Simon Sutton is reportedly stepping down as HBO’s chief revenue officer.
• Lyft reportedly plans to raise the price range of its I.P.O. amid strong investor demand. (WSJ)
• Renault reportedly plans to restart merger talks with Nissan and pursue a takeover of Fiat Chrysler. (FT)
• Centene has agreed to buy WellCare, a managed-care rival, for .3 billion, including the assumption of debt. (PR Newswire)
• The Chinese gaming company that owns Grindr reportedly plans to sell the dating app after the U.S. national security panel Cfius raised concerns about its ownership. (Reuters)
• Spotify agreed to buy Parcast, a producer of crime and mystery podcasts. (NYT)
Politics and policy
• Stephen Moore, the economic commentator whom President Trump plans to nominate as a Fed governor, said he’s no “sycophant” for the president. (NYT)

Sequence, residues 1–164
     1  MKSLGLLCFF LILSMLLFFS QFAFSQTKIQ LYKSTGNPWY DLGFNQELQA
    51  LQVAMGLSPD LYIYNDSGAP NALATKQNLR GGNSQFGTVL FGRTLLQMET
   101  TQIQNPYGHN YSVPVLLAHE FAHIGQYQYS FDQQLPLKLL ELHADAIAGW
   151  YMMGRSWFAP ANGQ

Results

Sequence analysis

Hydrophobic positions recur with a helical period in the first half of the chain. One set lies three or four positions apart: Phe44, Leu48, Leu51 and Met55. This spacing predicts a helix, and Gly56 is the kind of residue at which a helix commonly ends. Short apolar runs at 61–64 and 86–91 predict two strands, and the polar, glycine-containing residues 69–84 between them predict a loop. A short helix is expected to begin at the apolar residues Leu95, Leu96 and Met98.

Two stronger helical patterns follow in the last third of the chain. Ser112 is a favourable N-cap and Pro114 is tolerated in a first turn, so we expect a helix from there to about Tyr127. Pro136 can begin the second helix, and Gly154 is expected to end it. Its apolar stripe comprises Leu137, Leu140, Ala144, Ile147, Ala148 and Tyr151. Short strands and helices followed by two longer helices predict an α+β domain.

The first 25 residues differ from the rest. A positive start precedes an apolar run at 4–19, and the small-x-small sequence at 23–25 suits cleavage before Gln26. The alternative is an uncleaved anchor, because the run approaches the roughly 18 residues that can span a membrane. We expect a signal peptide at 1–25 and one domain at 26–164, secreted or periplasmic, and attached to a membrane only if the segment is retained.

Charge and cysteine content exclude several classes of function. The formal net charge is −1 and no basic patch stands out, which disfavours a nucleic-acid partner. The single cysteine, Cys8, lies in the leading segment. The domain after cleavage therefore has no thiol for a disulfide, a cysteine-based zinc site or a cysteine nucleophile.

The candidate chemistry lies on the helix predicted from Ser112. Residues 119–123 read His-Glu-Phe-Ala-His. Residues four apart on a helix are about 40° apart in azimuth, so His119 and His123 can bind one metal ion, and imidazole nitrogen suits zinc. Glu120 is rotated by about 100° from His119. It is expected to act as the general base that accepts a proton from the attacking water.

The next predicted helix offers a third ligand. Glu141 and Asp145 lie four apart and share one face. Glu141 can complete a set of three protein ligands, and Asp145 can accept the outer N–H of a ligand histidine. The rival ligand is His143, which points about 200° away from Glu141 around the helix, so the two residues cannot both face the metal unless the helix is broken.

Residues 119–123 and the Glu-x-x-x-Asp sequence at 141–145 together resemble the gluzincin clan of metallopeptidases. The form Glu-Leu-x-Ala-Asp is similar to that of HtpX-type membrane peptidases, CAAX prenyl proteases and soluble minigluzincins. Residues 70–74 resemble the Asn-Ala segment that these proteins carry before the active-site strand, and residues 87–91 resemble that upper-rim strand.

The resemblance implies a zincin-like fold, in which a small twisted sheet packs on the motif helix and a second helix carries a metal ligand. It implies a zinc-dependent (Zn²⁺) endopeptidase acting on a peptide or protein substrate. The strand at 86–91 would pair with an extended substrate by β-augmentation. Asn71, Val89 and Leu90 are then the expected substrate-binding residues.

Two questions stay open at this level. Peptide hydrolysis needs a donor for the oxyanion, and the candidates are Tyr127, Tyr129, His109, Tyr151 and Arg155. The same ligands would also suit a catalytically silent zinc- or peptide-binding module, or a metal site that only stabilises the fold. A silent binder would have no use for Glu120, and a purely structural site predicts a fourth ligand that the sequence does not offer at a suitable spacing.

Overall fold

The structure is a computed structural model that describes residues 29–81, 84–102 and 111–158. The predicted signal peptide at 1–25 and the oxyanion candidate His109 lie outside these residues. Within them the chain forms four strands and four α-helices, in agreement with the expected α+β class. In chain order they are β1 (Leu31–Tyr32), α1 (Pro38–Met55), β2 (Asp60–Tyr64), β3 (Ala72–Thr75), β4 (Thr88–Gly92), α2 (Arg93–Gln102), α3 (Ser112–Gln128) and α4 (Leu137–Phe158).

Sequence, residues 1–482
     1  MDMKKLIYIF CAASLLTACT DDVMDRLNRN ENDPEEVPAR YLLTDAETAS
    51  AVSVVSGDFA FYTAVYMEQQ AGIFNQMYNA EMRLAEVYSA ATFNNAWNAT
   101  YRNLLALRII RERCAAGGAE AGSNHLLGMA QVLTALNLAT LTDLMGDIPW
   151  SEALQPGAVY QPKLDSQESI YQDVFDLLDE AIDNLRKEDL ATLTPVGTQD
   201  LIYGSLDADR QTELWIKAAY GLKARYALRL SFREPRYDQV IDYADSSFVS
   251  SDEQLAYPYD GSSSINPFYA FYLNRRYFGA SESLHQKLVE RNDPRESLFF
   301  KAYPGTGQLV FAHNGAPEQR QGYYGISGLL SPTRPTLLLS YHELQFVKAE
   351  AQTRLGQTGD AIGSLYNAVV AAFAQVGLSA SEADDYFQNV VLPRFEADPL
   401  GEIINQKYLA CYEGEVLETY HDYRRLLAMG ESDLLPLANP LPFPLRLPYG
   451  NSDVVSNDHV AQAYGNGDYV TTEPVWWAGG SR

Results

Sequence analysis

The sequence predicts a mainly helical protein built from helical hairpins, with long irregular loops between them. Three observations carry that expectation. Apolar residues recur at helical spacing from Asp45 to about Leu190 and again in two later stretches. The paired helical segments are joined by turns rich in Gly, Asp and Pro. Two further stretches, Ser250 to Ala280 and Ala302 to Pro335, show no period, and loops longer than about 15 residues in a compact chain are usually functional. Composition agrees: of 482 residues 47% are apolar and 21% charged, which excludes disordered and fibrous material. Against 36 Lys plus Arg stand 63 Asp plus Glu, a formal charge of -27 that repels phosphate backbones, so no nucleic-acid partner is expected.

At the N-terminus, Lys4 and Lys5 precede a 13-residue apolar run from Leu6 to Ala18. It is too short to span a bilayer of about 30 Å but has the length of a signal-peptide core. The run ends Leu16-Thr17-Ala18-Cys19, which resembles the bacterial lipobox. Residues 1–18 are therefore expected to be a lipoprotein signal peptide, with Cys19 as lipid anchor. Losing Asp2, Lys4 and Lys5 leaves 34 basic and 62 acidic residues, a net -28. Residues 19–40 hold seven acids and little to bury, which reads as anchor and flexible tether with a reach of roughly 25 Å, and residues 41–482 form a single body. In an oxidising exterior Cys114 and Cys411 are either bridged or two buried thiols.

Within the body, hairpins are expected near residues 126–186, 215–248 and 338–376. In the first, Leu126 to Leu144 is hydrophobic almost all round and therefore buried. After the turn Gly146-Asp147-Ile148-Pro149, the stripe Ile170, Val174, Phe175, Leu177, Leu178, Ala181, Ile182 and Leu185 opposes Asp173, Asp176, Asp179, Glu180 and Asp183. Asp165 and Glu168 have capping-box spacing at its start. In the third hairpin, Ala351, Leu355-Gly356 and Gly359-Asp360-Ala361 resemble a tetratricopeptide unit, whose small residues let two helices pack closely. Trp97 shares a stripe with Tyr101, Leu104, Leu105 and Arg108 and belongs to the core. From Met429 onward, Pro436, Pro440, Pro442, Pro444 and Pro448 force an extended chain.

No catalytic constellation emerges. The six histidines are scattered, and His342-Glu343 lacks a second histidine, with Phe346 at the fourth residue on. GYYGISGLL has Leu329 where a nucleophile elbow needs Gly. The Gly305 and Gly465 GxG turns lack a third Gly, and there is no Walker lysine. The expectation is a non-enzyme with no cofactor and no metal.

• Democrats see political opportunity as Mr. Trump moves to abolish the Affordable Care Act. Here’s what would happen if the Obama health care law is struck down. (NYT)
• The House failed to override Mr. Trump’s declaration of a national emergency over a border wall. (NYT)
• The Green New Deal failed in a Republican-led vote in the Senate yesterday, as Democrats voted “present.” (Axios)
• The Justice Department said that it plans to release a version of the Mueller report to Congress and the public within weeks. (WSJ)
• Prime Minister Theresa May’s Brexit deal is slowly gaining support among critics in her Conservative Party — but some want her resignation in exchange for their votes. (Bloomberg)
• The E.U. has reportedly suggested that if Britain asks for a long delay to Brexit, its departure could be pushed back until March 31, 2020. (Guardian)
• More than half of British business leaders want a deal where Britain is closely aligned to the E.U.’s single market for goods and services. (FT)
• The U.S. is pressing Canada and Mexico to agree to permanent limits on the amount of steel and aluminum they export to America each year. (NYT)
• China’s humiliation in the 1800s feeds into its reluctance to let the U.S. impose tariffs if Beijing fails to keep its promises on trade. (NYT)